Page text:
Their scoring system measures the level of damage and then reflects it on the suits by having LED lights change colors but if neither fighter falls, the damage needs to be scored to determine the winner. This is where strategy will come into play if neither one gets a kill but frankly it doesn’t seem very hard to score kills. It’ll be interesting to see if this becomes just a rare occurrence or more standard as experienced competitors vie for survival. The full inventory of available weaponry has yet to be unveiled however I’m really pulling for the medieval weaponry. So far they are blunted weapons however they are working on edged ones due to the problem of low sensitivity from edged weapons. I could describe the combat but seriously click below; you have to see it for yourself.
China’s Exascale Supercomputer
China’s National Supercomputer Centre has announced that they are completing efforts on the first prototype of an exascale computer which they have named Tianhe-3 . This computer will be the first to attain 1 exaFLOPS (EFLOPS) or 1×10^18 calculations per second (1,000,000,000,000,000,000; a billion billion or quintillion). FLOPS is just a way to track the calculations per second computers can perform. For those unaware, your average supercomputer ranges in the teraFLOPS (TFLOPS) range or 1×10^12 calculations per second (1,000,000,000,000; a trillion) to the petaFLOPS(PFLOPS) range or 1×10^15 calculations per second (1,000,000,000,000,000; a billion million or quadrillion). All of the current record breaking supercomputers range in the tens to hundreds of PFLOPS with China’s Tianhe-2 ranking 2nd at 33.86 PFLOPS and the Sunway TaihuLight ranking 1st with 93.01 PFLOPS.
Now that all this math is up here let’s look at some more. Most modern laptops range in the gigaFLOPS (GFLOPS) range for reference to that massive number above. That’s 1×10^9 calculations per second (1,000,000,000; a billion) and this is around the level you can expect from the devices you surround yourself with. I understand you may have trouble wrapping your head around the massive numbers we’re dealing with here but think about this. With this base statistic, say 10 GFLOPS per laptop, maybe I can help you visualize this number. 100 laptops would be 1 TFLOPS so roughly a medium size lecture hall in a university. 100,000 would be 1 PFLOPS which is about the size of 2 full capacity Yankee Stadiums. For 1 EFLOPS you would need 100,000,000 laptops, roughly the population of Ethiopia or the Philippines. This is what you should see to understand how massive this accomplishment is. Imagine an entire country of this size all working together, each person with a job, to just calculate a solution. But what kind of solution?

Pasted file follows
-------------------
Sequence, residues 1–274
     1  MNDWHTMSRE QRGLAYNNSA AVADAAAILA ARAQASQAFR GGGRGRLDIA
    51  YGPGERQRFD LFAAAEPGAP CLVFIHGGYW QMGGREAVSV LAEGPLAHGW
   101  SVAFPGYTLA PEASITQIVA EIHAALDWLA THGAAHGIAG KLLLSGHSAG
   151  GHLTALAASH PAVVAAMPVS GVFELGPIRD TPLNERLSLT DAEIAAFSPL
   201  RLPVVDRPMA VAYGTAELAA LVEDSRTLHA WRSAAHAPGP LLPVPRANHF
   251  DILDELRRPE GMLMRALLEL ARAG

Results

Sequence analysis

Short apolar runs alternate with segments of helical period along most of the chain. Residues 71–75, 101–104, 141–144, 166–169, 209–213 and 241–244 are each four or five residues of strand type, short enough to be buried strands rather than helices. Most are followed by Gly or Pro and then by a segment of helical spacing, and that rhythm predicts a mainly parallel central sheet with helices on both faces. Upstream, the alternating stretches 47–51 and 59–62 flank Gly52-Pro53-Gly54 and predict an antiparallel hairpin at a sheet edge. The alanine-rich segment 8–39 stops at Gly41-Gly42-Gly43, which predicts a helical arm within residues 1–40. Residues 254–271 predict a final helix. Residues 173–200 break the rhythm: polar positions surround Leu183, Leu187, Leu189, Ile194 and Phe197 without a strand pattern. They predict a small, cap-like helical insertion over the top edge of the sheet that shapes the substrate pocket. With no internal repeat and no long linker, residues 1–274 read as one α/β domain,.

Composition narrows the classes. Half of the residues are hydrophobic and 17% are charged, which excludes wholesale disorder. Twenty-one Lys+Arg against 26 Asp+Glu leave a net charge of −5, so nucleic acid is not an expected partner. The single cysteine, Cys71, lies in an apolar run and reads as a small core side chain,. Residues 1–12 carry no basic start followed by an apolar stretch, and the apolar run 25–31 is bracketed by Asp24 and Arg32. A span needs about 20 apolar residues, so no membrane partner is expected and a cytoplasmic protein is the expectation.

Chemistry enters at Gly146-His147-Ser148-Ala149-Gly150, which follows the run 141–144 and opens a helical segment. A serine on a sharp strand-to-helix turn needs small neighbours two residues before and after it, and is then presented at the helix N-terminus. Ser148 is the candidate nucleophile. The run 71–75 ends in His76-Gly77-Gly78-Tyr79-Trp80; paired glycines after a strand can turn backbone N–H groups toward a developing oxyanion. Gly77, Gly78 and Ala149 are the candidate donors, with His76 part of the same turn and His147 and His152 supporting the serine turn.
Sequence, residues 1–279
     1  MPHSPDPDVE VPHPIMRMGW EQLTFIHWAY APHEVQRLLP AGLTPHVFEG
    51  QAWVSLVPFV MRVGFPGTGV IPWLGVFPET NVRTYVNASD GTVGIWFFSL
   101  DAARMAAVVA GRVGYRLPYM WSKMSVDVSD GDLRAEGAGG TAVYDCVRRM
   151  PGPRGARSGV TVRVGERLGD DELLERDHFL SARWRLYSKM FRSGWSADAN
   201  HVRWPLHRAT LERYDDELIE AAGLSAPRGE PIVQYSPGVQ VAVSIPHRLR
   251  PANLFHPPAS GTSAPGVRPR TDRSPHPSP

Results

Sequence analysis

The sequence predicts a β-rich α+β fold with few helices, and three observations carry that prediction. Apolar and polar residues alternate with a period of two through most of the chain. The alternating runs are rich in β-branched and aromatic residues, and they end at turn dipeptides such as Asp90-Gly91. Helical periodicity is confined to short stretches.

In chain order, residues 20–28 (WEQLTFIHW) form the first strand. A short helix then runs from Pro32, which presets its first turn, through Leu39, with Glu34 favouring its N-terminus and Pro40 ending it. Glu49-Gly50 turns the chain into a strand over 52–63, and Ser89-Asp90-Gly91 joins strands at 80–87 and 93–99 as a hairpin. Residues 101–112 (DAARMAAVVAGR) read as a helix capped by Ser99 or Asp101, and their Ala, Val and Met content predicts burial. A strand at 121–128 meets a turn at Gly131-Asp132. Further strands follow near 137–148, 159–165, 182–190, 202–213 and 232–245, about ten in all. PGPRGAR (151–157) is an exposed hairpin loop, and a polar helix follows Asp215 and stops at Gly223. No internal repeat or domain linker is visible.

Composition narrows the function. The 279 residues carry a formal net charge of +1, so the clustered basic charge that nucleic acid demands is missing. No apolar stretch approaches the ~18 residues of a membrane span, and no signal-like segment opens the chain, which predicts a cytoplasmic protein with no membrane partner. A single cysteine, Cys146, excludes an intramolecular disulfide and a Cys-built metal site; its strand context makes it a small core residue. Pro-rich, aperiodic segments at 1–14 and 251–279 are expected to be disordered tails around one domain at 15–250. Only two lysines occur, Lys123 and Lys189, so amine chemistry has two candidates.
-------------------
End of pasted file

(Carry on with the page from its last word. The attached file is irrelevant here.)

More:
The article I have here states, “[E]xascale supercomputers will more realistically simulate the processes involved in precision medicine, regional climate, additive manufacturing, the conversion of plants to biofuels, the relationship between energy and water use, the unseen physics in materials discovery and design, the fundamental forces of the Universe, and much more.” These are just some of the examples and we will have to wait to see what else they can be capable of. China has estimated it will take them until 2020 to have a fully operational model. In the meantime the U.S. will keep playing catch-up as they try to match China even though it will take them longer. Congratulations to China on one of humanity’s most important achievements.